Your mouth may water when you think about an omelet or oatmeal with a side of strawberries. But the odds are you didn't eat either of them this morning.
A whopping 43 percent of Americans' "eating and drinking occasions" between wakeup time and 11 a.m. consist of a beverage but no food, according to a new morning meal study published by the market research company The NPD Group. As for the rest, 24 percent eat a "small/mini meal," 21 percent eat a "full/complete meal," and 11 percent eat a "snack." So what does this mean for your family? "The key is make your beverage potent," says registered dietitian Bonnie Taub-Dix, author of Read It Before You Eat It: How to Decode Food Labels and Make the Healthiest Choice Every Time. "Boost your beverage."
Add skim milk to your coffee. Why not turn your java into café au lait — or splurge on hot chocolate made with skim milk? A cup of nonfat leche contains just 90 calories. And you'll get calcium (a third of your daily requirement!), phosphorus, potassium, protein, riboflavin, niacin, vitamin A, vitamin D, vitamin B12, and more. You'll also get protein.
Whip up a smoothie or milkshake. Buy some unsweetened frozen fruit at the grocery. Add some skim milk or yogurt, and put your blender to work. Don't own one? Look at Consumer Reports' best blenders: KitchenAid KSB560 (about $90), Hamilton Beach 54615 (about $20) and Vita-Mix 5200 (about $500). "Grab one of those and go," says Taub-Dix. "I love the idea of smoothies because they're quick and easy." You can experiment with veggies in your smoothie, too. Taub-Dix tosses kale, carrots, and apples into her blender.
Put quality above quantity. You don't need bacon, ham and eggs, and toast with butter, says Taub-Dix. Instead, try almond butter on a piece of whole grain toast. (No need to go crazy and whip up strawberry pancakes by Rachael Ray.) "It's OK to be a light eater as long as you're a right eater!" she says.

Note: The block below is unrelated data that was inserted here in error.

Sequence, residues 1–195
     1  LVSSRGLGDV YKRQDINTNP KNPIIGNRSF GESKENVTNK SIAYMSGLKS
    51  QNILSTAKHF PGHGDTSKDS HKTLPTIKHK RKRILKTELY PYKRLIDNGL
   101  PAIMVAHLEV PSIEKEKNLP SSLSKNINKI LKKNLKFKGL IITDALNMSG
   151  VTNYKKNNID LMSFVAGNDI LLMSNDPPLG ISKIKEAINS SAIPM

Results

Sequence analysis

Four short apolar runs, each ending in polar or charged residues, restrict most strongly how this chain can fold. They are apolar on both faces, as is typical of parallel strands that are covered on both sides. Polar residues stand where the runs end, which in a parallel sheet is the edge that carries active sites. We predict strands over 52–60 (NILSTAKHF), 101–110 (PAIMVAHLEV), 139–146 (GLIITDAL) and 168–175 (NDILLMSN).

Think about the message "no breakfast" gives your brain. "If you're not eating breakfast, it sends an invitation to many people to have a bigger lunch," says Taub-Dix. "Ideally it would be nice to change people's habits, but if we can't change their habits, let's at least try to modify or boost what they're already doing."
Most physicians and dietitians strongly recommend breakfast despite a controversial Germany study last year that found the more people ate in the morning, the more calories they took in per day. (In the experiment, they found that people consumed the same amount of food at lunch and dinner, regardless of how much or how little they downed at breakfast.) Alas, as critics noted, the Germany study relied on food diaries. It's more accurate to watch people eat in a lab or at least to get them to use a cell phone camera to photograph what they eat. And people eat less than they usually do when they keep track themselves.
Previous studies have found that adults who eat breakfast are more likely to be exercisers and that breakfast skippers are heavier with larger waists.
Why not grab a yogurt to go? Or start using that blender you got for Christmas?
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